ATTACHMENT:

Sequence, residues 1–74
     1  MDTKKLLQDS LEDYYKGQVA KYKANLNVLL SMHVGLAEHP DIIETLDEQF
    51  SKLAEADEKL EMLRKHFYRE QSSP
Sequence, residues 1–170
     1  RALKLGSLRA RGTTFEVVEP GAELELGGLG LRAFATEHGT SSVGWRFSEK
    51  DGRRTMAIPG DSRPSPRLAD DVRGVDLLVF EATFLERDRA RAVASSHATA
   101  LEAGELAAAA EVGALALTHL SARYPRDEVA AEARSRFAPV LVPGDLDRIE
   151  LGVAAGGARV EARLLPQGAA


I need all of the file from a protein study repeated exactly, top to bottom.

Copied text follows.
Sequence, residues 1–74
     1  MDTKKLLQDS LEDYYKGQVA KYKANLNVLL SMHVGLAEHP DIIETLDEQF
    51  SKLAEADEKL EMLRKHFYRE QSSP
Sequence, residues 1–170
     1  RALKLGSLRA RGTTFEVVEP GAELELGGLG LRAFATEHGT SSVGWRFSEK
    51  DGRRTMAIPG DSRPSPRLAD DVRGVDLLVF EATFLERDRA RAVASSHATA
   101  LEAGELAAAA EVGALALTHL SARYPRDEVA AEARSRFAPV LVPGDLDRIE
   151  LGVAAGGARV EARLLPQGAA